France's Empress Eugenie & Emperor Napoleon III
Cotton roller print, 1855
Here's an esoteric collection, fabric celebrating the reign of the Emperor Napoleon III, who ruled France from 1848 to 1870.
A conversation print.
Conversation begins: Who is that man with the silly moustache?
Louis Napoleon Bonaparte (1808-1873)
The National Archives, Kew
Printed by Samuel Matley & Sons, the Hodge Print Works in Manchester, England,
registered in 1867
These small prints often were made into children's clothing. Why would English seamstresses buy fabric depicting a French emperor? Perhaps interest generated by the 1867 Paris Universal Exposition.
Collection of the Cooper-Hewitt Museum
The print commemorates
an international exposition in 1855.
Building housing the 1855 exposition
Louis Napoleon was the first Napoleon's nephew, son of his brother Louis (although some skeptics would like to see a DNA test proving that.) As ambitious as the first Emperor he was elected President of the Republic but when his term of office expired he declared himself royalty and Emperor for life in a coup in 1851.
An Emperor needs an heir so he married Spaniard
Eugenie de Montijo de Guzman, Countess de Teba in 1853.
Art Institute of Chicago
Cotton print depicting the royal wedding, 1853
Two colorways, neither of them very high quality.
Handkerchief commemorating the wedding?
Eugenie became a fashion icon, leading the craze for crinolines
and hoop skirts.
Son Louis-Napoléon was born in 1856. Here the Prince Imperial looks about four,
dating this furnishing scale fabric to about 1860.
Several museums have pieces of this rather coarse decorating print.
Boston Museum of Fine Arts
The furnishing fabrics have no source indicated. Perhaps they were printed in France, the cretonnes that originated in Creton, Normandy, described in 1889 in Chambers Encyclopedia:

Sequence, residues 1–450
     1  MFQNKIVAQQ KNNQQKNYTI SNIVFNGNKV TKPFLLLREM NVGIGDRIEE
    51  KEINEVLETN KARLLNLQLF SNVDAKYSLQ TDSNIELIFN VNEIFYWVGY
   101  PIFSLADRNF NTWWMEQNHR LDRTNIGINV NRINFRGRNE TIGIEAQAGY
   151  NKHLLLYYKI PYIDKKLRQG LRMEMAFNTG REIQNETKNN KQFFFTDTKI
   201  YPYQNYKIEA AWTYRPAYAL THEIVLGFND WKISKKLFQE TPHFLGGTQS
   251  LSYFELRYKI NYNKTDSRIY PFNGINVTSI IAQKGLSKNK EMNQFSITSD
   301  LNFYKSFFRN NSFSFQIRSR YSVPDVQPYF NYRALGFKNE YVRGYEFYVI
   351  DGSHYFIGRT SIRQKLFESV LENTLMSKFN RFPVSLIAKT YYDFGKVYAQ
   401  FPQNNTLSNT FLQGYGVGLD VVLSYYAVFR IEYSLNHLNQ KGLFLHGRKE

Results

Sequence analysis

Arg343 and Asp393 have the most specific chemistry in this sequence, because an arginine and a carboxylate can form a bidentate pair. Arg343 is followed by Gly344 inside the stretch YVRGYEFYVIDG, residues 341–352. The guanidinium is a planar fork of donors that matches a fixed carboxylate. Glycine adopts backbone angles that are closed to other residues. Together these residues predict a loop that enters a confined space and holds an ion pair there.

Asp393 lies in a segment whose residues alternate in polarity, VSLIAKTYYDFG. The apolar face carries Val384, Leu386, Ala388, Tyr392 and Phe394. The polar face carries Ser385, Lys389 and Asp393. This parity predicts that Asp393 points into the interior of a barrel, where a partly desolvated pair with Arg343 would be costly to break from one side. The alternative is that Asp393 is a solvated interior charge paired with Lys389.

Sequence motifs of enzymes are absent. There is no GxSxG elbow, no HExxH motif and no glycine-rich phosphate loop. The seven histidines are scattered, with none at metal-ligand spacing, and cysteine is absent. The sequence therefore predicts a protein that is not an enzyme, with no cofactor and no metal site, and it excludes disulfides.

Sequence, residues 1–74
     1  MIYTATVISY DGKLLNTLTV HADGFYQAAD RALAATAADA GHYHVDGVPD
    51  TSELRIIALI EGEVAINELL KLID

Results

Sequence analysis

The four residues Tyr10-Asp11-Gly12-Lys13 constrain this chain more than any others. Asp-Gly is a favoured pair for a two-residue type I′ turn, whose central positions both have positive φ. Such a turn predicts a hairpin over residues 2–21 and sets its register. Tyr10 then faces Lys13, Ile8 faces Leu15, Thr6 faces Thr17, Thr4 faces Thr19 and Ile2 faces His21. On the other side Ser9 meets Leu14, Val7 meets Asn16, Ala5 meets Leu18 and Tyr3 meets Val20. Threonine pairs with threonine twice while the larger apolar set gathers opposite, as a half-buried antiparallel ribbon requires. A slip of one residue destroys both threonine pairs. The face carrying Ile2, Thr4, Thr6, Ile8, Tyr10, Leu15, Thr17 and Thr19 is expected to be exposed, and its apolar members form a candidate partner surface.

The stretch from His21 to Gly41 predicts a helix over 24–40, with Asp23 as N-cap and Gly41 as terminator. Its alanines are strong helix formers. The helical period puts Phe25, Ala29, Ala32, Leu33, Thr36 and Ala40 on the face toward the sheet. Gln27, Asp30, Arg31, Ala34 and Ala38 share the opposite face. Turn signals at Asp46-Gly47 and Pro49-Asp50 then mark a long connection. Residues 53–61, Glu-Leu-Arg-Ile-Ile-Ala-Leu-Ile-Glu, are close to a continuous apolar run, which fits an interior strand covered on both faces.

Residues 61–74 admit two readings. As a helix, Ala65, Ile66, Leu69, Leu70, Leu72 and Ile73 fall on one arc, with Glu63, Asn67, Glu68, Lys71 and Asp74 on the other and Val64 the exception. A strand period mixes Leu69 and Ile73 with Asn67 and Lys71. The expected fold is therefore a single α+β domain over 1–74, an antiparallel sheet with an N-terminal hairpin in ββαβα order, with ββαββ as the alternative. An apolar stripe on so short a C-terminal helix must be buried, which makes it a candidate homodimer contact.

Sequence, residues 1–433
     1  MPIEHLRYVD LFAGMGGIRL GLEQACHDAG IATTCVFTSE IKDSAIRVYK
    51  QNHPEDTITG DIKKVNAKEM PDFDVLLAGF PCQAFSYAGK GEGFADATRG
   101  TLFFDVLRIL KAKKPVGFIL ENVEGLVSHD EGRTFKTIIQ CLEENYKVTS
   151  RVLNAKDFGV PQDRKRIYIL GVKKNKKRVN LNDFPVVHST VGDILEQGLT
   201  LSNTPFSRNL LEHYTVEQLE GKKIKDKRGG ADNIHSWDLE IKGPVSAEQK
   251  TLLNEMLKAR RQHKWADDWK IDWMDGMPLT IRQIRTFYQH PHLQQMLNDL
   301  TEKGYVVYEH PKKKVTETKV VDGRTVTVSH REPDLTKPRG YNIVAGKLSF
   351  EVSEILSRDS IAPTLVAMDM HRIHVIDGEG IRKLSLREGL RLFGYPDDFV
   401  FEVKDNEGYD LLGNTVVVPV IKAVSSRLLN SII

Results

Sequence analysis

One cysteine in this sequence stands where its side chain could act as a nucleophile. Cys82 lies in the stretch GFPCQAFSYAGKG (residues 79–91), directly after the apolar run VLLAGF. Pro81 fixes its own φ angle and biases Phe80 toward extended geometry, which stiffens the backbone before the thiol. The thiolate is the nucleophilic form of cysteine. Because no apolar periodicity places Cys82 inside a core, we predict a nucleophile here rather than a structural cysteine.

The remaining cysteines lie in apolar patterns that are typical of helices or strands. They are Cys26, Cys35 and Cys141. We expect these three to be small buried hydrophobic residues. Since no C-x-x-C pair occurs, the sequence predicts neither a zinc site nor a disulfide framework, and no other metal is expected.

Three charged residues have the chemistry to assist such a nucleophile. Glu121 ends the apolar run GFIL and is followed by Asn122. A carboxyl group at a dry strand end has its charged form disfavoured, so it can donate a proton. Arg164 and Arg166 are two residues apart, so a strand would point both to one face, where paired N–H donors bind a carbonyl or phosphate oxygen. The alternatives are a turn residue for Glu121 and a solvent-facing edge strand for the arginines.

"Printed cotton fabric used for curtains or for covering furniture...introduced about 1860. Chintz, so much employed for the same purpose in former years, is a comparatively thin printed cloth usually highly glazed. Cretonne, on the other hand, is generally thick and strong for a cotton fabric, and with a twilled, crape, basket, wave, or other figure produced on the loom. When a pattern is printed on this uneven surface (it is sometimes plain), it has a rich, soft appearance. A cretonne is rarely calendered or glazed. The thick weft threads of inferior qualities are commonly formed of waste cotton, and the patterns upon these, though often bright and showy, are as a rule printed in more or less fugitive colours."
Imperial pomp---rather tacky decorating.
It's all so chintzy.
The Prince Imperial, a silk portrait
from the Cooper-Hewitt collection
The last Napoleon died at 27 defending colonial Britain.
Post on Matley conversation prints:
Post on cretonne:
Biography of the Empress: Eugénie: The Empress and her Empire by Desmond Seward